As consumers look for more "good" fats and oils, they shop for specific health benefits and products that also taste good. But there are many different kinds of fat — saturated, monounsaturated, polyunsaturated and trans fat — and tasty or not, they don't have the same health benefits.
Product formulators must factor in whether certain oils and fats will be acceptable from a health standpoint and a clean label ingredient perspective as they gear up for the changing Nutrition Facts panel and new ingredient definitions coming into play.
"Shopping for healthy oils ranks as a consumer priority along with seeking out high-protein or low-sugar food products," notes David Sprinkle, research director of Packaged Facts (www.packagedfacts.com), Rockville, Md.
Polyunsaturated fats can benefit the heart when used in moderation. They provide nutrients to help develop and maintain cells and often contain vitamin E, an antioxidant vitamin most Americans need more of.
Best of all, polyunsaturated fats can replace saturated fat and trans fat. And the general consensus of medical, scientific, heart-health, governmental and professional authorities is certain fats, such as trans fat and saturated fat, cause heart disease. But the advice now has shifted away from "eat less fat" to "eat the right fats."
Trans fats' primary source in the food supply are partially hydrogenated oils (PHOs), which are linked with the risk of heart disease, cancer and the risk of diabetes. PHOs were popular years ago because they were an easy substitute for saturated fats -- inexpensive, long lasting and gave foods flavor and texture.
Saturated fats raise low-density lipoprotein (LDL) or "bad" cholesterol levels and cause other troubles. For decades, PHOs were a healthy replacement, but more recent research indicates PHOs and their resulting trans fats both raise bad cholesterol and lower good cholesterol. So the FDA ruled in 2015 that PHOs are unsafe, revoking their GRAS status and giving the food industry until June 2018 to eliminate them from products.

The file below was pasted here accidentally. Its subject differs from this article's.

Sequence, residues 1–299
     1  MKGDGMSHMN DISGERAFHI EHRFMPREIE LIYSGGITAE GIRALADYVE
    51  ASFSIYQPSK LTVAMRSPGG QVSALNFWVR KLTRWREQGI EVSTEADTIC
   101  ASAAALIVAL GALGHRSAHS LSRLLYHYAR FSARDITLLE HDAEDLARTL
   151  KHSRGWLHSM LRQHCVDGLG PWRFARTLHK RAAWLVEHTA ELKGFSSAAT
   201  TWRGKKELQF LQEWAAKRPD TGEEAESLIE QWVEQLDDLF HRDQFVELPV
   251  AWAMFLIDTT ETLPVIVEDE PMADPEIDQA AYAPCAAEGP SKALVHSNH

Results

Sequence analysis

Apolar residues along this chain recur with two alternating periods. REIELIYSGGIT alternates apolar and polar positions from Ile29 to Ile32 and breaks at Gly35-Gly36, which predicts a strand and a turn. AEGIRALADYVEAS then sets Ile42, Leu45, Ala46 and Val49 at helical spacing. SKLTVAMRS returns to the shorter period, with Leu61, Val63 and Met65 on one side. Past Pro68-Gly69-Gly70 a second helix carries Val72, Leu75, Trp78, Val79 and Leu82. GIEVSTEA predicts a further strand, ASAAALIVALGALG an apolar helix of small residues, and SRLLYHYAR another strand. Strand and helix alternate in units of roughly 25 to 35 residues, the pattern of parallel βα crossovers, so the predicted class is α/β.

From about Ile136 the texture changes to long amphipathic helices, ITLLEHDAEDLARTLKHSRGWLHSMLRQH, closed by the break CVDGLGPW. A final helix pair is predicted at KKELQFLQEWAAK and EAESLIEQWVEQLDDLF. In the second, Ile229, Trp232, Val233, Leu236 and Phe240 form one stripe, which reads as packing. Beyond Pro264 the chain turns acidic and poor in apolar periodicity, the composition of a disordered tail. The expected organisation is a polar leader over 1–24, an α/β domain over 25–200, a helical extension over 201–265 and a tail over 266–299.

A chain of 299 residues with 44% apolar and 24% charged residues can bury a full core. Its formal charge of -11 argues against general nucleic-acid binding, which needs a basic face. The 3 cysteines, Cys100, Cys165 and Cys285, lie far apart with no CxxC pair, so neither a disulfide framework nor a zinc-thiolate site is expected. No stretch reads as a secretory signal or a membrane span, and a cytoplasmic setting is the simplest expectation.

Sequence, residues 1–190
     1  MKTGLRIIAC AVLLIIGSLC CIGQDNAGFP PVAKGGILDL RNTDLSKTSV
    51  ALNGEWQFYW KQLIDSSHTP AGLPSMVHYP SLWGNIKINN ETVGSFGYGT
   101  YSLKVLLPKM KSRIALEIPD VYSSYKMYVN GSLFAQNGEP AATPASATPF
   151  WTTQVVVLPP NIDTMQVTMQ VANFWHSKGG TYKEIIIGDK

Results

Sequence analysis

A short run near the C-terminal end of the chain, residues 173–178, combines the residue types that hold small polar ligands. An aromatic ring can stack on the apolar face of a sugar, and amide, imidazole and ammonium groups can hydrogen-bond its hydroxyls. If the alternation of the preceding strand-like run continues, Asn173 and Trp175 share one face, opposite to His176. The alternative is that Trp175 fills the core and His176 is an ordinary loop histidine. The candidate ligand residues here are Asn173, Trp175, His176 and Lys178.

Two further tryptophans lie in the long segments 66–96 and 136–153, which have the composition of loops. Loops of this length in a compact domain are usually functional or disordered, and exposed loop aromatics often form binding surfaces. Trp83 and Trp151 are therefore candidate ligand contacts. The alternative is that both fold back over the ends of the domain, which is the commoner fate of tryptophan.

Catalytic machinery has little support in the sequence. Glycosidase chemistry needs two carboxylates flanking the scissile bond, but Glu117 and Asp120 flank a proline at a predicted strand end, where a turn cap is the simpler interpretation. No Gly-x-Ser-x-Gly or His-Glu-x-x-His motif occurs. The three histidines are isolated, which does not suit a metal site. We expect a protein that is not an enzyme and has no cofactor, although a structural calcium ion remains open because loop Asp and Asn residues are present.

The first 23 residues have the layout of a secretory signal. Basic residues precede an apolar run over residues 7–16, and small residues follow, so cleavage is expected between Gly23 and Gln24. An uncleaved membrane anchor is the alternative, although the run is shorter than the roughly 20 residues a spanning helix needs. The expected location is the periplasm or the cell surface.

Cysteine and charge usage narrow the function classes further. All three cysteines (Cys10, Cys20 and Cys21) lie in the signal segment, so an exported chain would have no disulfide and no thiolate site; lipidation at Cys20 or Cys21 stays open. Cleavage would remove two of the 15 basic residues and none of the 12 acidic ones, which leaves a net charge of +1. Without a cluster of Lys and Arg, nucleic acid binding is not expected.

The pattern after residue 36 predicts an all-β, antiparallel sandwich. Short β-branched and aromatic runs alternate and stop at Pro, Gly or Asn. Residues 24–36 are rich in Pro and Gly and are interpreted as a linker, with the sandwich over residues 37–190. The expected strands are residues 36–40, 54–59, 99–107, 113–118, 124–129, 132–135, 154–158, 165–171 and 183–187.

Yet for certain food products, processors have found PHOs difficult to replace. Functional emulsifiers or hydrocolloids might be used in PHO replacements, and suppliers are making progress reducing sat fat content in efforts to develop PHO alternatives that provide similar, and in some cases better, functionality at a similar cost. "The real issue for food manufacturers and ingredient providers is to utilize fats and oils that provide functional qualities — shelf stability, flavor, mouthfeel, texture and structure — at a price point acceptable to consumers," says. Frank Flider, an oils expert at Qualisoy (www.qualisoy.com), Chesterfield, Mo.
Flider notes says consumers are acutely aware of the dangers of trans-fatty acids and are staying away from PHOs. On the other hand, "Oils with high levels of monounsaturated fats, such as soybean oil, olive oil and canola oil, are extremely popular as are oils containing polyunsaturated fats with low levels of saturated fats."
UltraBlends shortenings and oils from Bunge North America (bungenorthamerica.com) eliminate trans fat and optimize saturated fats, while delivering functionality and taste. They're made using an enzymatic interesterification process of rearranging the fatty acids that gives them structure and functionality at room temperature. The company's Whole Harvest non-GMO Project Verified canola and soybean oils are expeller pressed and minimally refined, which makes them suitable for clean label applications.
"Soybean oil is the most commonly used oil in the U.S., and by providing a scalable organic choice, we’re helping customers meet increasing demand for organic products." says Anthony Williams, Bunge's vice president of sales and marketing.
Plant-based fats and oils are good options because they're vegan, but they can sometimes have stronger flavors that limit their usage or carry higher prices. "Maintaining taste levels has been a challenge, particularly since the use of PHOs will soon be a thing of the past," Flider adds. "No matter how good it tastes, a greasy doughnut or an icing structured like candle wax will turn off consumers."